Gill South: Thinking straight


Gill South attempts to cure an old fear with the help of Neuro-Linguistic Programming.

Gill South will be using NLP to get over her fear of crossing the Auckland harbour bridge. Photo / Thinkstock
Gill South will be using NLP to get over her fear of crossing the Auckland harbour bridge. Photo / Thinkstock

I always think it's fascinating to find out how the mind works and what we can do to change the way we think and approach things. I have come to Pauline Young of Mapping Human Minds to find out more about Neuro-Linguistic Programming and to see if she can help me with a few hang-ups I have.

NLP explores the relationships between how we think, how we communicate, and our patterns of behaviour and emotion. Pauline, who does a lot of corporate training in this field, has agreed to help me have a wealthier mind and a healthier body. We will explore, understand and predict my thinking, communication and behaviour patterns and together. We will discover how my patterns affect my strengths and weaknesses.

Pauline explains NLP to me by describing the scenario where you go into a job interview and are a nervous wreck, underselling yourself, going blank when asked questions. Yet when you were preparing for it the night before with friends, you were scintillating and impressive. How do you make yourself perform in the job interview as you did when with your friends? It's a matter of transferring that pattern of behaviour into a different context, says Pauline.

NLP is about figuring out how people are doing things well. Once we know how they are doing it we can change the system, says Pauline.

In the early days, the founders of NLP, John Grinder and Richard Bandler put an ad in the paper saying they could help people get over their phobias. They did this by finding out the process phobic people had used to overcome their fears. With this information they could help others, was the reasoning. It's about following the human mind map, says Pauline.

I ask the NLP trainer if she can help me with the way I seize up with nerves when I cross the Auckland Harbour Bridge. I can't stand it when I get caught on one of the middle lanes, I just feel like one flick of the wrist is going to send the car careering into the barrier. At the crest of the bridge, it especially brings out the claustrophobic in me. I grit my teeth, follow the car in front of me and try to stay calm. Pauline says claustrophobia is one of the toughest phobias to get over.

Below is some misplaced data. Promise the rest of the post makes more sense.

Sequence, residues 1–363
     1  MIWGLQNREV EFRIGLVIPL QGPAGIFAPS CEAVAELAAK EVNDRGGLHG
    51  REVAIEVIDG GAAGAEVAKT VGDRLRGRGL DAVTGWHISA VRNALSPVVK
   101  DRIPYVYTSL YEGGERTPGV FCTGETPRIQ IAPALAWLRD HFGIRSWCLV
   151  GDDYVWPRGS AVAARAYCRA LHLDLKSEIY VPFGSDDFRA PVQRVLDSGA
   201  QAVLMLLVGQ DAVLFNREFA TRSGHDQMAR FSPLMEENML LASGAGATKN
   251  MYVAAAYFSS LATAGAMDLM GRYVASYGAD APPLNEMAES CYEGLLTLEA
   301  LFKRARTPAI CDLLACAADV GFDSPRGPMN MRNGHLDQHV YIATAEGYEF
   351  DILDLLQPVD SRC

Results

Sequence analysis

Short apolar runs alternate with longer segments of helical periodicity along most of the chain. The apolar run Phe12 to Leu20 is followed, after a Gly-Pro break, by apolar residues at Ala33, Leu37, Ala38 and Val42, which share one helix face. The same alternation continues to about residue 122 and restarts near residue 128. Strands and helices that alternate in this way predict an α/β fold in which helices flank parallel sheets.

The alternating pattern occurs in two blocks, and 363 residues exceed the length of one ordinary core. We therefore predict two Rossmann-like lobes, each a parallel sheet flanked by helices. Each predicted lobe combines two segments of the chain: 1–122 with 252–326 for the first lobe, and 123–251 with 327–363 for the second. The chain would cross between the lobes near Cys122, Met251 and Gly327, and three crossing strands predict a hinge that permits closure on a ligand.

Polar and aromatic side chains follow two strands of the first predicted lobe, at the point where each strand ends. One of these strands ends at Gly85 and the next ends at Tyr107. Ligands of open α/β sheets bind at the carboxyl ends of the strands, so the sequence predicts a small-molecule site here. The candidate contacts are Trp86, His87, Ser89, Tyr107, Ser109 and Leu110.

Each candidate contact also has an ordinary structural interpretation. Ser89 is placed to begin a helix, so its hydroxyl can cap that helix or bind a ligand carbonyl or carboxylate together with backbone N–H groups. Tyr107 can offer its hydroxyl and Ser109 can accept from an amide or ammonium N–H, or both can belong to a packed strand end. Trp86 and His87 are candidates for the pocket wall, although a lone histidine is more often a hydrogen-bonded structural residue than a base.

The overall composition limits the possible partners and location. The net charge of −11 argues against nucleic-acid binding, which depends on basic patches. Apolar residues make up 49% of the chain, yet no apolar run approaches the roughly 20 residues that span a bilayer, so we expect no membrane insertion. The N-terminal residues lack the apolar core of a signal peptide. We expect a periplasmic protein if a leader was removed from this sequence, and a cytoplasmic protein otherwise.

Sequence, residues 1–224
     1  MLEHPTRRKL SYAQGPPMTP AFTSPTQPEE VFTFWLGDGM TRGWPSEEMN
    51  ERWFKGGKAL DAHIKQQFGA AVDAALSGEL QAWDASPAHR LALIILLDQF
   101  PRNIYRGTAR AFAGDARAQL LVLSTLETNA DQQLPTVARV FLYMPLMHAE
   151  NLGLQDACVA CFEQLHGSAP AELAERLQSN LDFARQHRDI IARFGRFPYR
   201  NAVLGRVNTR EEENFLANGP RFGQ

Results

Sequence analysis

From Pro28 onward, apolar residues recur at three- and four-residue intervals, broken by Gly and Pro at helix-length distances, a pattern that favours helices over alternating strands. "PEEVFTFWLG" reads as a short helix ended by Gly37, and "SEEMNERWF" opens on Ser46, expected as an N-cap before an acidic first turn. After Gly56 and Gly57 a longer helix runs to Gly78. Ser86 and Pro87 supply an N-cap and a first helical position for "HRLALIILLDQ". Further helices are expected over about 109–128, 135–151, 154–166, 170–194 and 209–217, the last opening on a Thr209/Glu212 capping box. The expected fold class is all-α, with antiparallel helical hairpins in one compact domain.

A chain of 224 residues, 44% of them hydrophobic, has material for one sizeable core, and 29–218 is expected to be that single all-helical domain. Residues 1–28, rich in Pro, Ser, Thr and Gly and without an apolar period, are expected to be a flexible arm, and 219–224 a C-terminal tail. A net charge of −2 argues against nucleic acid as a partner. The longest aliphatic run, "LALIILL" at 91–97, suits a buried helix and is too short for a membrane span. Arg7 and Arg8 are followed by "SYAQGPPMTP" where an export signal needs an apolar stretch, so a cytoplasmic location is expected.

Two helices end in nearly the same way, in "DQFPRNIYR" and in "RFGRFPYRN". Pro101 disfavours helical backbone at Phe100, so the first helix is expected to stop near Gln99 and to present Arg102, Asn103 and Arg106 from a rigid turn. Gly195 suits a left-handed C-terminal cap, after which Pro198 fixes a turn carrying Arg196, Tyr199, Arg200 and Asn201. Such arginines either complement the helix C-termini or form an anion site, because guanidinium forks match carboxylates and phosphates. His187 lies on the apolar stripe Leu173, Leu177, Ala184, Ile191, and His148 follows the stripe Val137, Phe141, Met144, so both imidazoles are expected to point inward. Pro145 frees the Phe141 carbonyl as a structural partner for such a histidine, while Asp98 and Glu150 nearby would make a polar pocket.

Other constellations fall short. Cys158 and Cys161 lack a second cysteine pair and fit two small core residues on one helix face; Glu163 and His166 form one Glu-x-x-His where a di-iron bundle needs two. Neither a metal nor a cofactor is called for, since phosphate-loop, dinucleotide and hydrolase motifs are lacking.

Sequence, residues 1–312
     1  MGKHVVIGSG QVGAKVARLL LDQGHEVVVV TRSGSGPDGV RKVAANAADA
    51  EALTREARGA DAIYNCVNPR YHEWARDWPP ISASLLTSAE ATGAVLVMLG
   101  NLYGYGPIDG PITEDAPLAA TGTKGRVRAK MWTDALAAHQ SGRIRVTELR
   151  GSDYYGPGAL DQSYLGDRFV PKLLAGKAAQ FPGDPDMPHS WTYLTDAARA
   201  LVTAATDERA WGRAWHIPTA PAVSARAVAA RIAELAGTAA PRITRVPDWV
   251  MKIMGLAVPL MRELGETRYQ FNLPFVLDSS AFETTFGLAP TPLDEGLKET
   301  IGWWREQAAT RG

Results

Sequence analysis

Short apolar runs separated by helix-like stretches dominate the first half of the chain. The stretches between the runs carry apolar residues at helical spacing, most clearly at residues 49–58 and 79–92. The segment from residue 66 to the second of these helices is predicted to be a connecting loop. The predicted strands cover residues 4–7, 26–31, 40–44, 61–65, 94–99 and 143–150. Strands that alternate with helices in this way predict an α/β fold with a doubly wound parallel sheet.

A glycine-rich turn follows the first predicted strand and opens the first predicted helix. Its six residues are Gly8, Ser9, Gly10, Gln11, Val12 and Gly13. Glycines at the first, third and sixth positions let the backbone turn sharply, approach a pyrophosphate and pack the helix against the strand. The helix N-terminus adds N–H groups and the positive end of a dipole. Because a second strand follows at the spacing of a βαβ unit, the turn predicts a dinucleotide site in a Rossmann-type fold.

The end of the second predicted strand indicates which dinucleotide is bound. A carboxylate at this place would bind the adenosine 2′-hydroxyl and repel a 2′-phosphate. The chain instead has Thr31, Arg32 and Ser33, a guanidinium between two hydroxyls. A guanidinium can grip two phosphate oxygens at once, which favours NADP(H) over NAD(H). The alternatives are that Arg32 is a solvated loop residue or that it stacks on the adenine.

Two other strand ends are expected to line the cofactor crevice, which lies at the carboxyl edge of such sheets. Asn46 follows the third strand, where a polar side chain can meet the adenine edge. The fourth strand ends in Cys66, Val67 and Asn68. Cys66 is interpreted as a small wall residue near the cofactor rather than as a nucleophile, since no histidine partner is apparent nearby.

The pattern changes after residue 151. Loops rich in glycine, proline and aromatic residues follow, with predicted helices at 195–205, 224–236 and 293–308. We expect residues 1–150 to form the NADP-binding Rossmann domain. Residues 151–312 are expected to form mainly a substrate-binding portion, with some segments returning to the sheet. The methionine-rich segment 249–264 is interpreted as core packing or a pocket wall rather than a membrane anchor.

We do an exercise where I put my right fist on the table and she presses on my outside knuckle when we are talking about how I feel when I cross the bridge.

She presses on my index finger knuckle when she asks me to think about my happy place. My happy place, I decide is Saturday mornings sitting with my friends watching cricket. We have nothing to do but talk, drink plenty of hot tea and coffee, eat muffins and read the Weekend Herald. It's very relaxing. Do I feel confident and in control, asks Pauline. Yes, definitely, I say.

She recommends that with my left hand, I am to press my thumb against the nearest finger when I feel nervous and that will trigger off the different behaviour I experience in my happy place. I am once again calm, relaxed, confident, having a laugh as I soar over the bridge.

I have to do a trip on Monday, I'll see if it works. I'm still sticking to the outside lanes though.

Next week:

I am off to the Auckland Bridge Club for a lesson. Bridge keeps your mind alert and could be the thing to keep my brain in tip-top condition as I age.

- NZ Herald

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